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Study: BitTorrent music piracy increases album sales

05/18, 11:16am

Leaked album piracy raised sales by 60 on average

A recent study has found that raised BitTorrent piracy may be related to higher album sales. North Carolina State University assistant professor Robert Hammond monitored prerelease albums being downloaded through BitTorrent and compared the numbers with actual album sales. The investigation is said to have uncovered a direct correlation between the two, albeit minor.

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Graphene tech promises to increase cooling efficiency

04/09, 7:45pm

Copper-graphene composite said to be low cost

Researchers at North Carolina State University have reportedly developed a new form of graphene technology that is claimed to be suitable for electronics cooling systems. The copper-graphene composite materials are said to bring a 25 percent improvement in thermal conductivity compared to pure copper.

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First wireless message sent through stone using neutrinos

03/15, 12:35pm

Scientists send first wireless neutrino message

Scientists and researchers at the University of Rochester and North Carolina State University have sent a wireless message using neutrinos through nearly 800 feet (240m exactly) of solid stone. The almost massless particles travel at the speed of light and can pass through nearly any matter they encounter. The message transmitted just read "Neutrino" and was sent in binary code.

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NC State researchers working on conductive nanocoatings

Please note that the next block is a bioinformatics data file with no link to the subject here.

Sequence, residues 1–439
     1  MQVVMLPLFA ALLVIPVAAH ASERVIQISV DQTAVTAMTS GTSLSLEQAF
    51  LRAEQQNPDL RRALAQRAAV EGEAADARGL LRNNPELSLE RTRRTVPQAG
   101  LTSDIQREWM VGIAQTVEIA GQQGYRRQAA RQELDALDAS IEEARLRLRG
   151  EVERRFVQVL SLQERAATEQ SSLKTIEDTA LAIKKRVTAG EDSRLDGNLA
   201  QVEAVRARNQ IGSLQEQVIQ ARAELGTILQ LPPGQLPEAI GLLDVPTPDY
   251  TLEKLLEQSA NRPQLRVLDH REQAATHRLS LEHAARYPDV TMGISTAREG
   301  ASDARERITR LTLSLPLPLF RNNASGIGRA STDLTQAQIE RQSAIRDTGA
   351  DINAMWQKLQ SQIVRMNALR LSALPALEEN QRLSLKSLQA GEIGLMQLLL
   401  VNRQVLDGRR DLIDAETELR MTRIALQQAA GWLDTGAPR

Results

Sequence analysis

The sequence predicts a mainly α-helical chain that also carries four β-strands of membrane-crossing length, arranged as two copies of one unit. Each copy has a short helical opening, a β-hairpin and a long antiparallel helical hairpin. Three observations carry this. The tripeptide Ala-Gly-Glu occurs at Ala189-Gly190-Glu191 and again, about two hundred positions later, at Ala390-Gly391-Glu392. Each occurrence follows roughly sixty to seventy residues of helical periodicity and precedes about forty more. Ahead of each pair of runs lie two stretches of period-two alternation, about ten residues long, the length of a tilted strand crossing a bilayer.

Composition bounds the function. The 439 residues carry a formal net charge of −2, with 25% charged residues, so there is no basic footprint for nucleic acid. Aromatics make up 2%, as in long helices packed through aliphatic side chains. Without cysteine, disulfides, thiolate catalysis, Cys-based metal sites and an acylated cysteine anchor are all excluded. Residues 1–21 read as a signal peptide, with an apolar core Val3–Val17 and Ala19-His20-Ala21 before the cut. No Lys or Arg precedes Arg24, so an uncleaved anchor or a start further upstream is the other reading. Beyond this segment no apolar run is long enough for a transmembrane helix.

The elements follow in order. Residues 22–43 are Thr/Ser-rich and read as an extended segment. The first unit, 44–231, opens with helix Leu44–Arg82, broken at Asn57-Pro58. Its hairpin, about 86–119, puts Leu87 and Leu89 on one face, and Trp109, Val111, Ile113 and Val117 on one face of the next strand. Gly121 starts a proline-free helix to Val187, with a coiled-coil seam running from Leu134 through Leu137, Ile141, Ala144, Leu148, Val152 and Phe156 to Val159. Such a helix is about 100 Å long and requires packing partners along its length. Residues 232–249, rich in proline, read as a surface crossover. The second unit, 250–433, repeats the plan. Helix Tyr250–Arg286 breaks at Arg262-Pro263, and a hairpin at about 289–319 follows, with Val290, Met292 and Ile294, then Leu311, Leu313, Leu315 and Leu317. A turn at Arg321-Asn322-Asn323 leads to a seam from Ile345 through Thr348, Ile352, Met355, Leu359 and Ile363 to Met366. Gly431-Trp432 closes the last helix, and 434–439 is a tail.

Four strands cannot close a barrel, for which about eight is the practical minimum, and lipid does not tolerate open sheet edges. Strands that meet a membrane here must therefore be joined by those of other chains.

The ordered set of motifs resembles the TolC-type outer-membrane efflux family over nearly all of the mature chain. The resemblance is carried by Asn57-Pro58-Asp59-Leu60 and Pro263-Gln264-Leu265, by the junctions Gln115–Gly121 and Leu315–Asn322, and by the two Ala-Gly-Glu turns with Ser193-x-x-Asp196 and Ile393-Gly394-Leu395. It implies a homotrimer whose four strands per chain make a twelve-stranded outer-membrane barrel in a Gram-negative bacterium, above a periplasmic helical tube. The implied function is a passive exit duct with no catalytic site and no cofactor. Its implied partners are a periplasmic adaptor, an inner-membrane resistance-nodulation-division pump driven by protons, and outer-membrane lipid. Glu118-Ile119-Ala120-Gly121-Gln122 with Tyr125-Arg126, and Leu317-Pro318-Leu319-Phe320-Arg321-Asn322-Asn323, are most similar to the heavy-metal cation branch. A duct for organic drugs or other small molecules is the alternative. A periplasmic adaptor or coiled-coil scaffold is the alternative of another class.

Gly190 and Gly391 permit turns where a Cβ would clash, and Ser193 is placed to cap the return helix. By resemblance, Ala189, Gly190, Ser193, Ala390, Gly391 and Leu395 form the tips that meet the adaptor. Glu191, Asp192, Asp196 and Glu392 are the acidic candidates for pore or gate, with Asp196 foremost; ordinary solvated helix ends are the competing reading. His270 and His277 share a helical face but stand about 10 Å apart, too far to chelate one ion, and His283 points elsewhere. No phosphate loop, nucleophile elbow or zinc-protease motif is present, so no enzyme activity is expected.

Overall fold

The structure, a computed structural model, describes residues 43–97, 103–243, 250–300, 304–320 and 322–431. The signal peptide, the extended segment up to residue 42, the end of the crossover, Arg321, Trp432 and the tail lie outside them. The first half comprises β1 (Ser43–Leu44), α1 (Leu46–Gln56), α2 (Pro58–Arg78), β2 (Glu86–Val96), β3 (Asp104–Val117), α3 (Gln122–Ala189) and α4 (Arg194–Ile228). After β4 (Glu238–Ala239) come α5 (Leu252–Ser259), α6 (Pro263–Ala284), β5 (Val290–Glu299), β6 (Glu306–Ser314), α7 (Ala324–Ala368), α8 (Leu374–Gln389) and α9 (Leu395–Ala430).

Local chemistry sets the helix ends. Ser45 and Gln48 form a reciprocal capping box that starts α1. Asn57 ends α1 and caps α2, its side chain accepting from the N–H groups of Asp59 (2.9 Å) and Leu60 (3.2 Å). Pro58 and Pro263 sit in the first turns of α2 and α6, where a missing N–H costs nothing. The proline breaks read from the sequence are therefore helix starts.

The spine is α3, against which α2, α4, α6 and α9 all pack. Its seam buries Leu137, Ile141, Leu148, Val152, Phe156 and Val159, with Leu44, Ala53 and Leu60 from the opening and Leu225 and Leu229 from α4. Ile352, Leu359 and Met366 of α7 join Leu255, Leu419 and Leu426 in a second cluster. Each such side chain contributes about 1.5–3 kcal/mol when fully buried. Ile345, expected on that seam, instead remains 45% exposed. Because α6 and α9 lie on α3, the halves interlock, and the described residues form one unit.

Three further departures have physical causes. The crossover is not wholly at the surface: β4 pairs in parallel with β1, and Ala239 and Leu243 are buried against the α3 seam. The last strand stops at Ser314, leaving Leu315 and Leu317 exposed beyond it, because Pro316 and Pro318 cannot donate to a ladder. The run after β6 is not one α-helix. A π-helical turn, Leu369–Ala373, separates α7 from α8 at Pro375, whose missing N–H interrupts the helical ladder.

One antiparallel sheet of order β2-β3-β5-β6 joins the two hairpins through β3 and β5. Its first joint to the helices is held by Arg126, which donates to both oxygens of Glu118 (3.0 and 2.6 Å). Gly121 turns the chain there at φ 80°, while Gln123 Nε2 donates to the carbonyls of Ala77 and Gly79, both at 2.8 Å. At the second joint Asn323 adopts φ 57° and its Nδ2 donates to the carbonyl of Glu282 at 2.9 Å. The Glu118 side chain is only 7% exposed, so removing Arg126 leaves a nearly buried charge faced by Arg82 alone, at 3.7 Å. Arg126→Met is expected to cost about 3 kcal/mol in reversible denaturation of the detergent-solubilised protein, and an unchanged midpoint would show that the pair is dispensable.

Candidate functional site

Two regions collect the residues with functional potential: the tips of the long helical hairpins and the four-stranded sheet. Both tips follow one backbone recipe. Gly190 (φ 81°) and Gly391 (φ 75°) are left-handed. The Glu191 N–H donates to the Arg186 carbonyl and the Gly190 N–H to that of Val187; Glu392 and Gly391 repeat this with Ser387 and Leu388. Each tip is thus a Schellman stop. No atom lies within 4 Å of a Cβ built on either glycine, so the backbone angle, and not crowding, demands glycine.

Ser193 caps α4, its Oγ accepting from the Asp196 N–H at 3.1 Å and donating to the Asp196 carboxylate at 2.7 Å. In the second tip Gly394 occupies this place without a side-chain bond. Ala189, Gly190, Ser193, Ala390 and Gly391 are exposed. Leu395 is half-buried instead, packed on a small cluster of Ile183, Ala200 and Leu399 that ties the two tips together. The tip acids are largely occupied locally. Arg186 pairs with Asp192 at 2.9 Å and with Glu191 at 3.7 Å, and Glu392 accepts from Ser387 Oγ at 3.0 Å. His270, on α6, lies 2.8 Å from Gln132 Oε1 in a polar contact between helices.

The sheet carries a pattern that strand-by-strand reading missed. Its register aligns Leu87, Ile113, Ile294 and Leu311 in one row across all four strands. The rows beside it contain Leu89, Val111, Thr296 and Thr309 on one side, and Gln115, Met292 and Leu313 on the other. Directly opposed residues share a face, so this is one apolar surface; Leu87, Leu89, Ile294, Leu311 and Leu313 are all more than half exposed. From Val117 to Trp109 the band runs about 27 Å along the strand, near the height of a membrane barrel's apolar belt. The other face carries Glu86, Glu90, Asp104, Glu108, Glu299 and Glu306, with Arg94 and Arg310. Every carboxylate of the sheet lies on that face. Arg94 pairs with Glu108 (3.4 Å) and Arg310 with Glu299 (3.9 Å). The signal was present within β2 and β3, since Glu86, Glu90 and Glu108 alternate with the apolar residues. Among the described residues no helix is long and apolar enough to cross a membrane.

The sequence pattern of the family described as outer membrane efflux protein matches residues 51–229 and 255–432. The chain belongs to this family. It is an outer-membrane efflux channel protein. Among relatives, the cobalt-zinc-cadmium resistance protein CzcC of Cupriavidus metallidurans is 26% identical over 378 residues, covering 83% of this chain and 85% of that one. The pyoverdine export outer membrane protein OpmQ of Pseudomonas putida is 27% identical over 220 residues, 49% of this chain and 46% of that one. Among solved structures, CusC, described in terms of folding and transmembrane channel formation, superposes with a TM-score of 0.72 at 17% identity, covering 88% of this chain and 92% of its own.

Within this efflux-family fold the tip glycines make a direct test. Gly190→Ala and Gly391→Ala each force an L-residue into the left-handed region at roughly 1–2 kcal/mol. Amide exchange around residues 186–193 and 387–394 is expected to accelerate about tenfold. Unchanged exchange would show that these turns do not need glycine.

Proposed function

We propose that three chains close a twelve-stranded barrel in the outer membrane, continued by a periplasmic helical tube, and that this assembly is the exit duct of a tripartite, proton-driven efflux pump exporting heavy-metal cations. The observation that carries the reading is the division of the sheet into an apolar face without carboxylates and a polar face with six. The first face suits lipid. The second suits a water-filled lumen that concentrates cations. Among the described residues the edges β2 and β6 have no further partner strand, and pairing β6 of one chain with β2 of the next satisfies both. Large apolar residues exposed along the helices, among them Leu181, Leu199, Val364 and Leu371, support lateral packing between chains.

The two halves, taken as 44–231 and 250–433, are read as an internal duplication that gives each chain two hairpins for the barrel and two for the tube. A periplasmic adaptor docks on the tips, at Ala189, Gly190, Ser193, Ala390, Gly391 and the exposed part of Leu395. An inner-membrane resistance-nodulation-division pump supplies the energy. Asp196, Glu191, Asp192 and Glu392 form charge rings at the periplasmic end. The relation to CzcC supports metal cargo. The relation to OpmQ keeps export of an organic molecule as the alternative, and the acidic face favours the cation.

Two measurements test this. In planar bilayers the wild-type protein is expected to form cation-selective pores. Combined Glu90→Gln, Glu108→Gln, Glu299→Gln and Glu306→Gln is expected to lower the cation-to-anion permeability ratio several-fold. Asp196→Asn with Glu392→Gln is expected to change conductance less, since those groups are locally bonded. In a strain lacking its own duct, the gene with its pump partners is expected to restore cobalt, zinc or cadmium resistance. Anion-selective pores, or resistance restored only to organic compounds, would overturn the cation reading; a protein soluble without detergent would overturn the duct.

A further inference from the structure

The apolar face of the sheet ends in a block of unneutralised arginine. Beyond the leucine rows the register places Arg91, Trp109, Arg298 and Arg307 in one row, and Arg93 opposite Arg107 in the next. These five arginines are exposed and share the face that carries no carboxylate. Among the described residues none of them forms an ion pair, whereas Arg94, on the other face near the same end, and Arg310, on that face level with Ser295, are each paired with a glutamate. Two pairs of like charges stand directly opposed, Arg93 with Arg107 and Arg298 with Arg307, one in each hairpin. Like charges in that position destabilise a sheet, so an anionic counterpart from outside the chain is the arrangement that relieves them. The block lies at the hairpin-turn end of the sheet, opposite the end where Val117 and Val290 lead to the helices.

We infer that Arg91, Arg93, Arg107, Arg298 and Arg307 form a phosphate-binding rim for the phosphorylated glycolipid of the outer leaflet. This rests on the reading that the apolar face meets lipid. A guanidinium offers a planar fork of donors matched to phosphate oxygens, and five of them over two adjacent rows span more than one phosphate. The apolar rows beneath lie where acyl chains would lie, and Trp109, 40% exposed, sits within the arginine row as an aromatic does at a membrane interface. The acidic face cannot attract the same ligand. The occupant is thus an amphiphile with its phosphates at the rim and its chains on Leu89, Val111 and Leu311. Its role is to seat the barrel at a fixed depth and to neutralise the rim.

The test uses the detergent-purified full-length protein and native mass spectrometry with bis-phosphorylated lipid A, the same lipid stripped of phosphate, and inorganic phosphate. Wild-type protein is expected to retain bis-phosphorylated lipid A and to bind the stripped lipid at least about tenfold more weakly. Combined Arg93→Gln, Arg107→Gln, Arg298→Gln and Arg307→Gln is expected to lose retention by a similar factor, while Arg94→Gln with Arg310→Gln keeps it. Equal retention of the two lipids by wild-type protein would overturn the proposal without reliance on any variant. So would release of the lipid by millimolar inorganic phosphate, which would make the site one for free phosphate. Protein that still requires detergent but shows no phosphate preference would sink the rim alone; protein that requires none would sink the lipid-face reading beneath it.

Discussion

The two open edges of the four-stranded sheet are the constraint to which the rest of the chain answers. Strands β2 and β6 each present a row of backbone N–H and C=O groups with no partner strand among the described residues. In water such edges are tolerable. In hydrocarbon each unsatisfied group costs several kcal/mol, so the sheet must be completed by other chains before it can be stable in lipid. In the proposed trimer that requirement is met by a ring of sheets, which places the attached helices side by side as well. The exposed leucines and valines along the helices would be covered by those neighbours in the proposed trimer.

06/10, 6:45am

Fiber nanocoatings being developed by NC State

Researchers at the North Carolina State University are hard at work developing an ultra-thin conductive nanocoating that they hope can eventually be used to produce electronics integrated into clothing. The material is thinner than the human hair by a factor of thousands and the technique to develop is called atomic layer deposition. An inorganic, conductive layer is grown on top of materials like woven cotton.

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NC State creates multi-function smart sensors

10/04, 4:45pm

NC State patents high-power GaN computer sensors

Researchers at North Carolina State University have found a way to put gallium nitride (GaN) sensors and related devices onto silicon computer chips. The finding will pave the way for high voltage and high current devices critical for the development of energy distribution devices in smart grid technology and military communications. Co-holder of the patent and Professor of Materials Science and Engineering says GaN can support more power than conventional transistors and do so faster.

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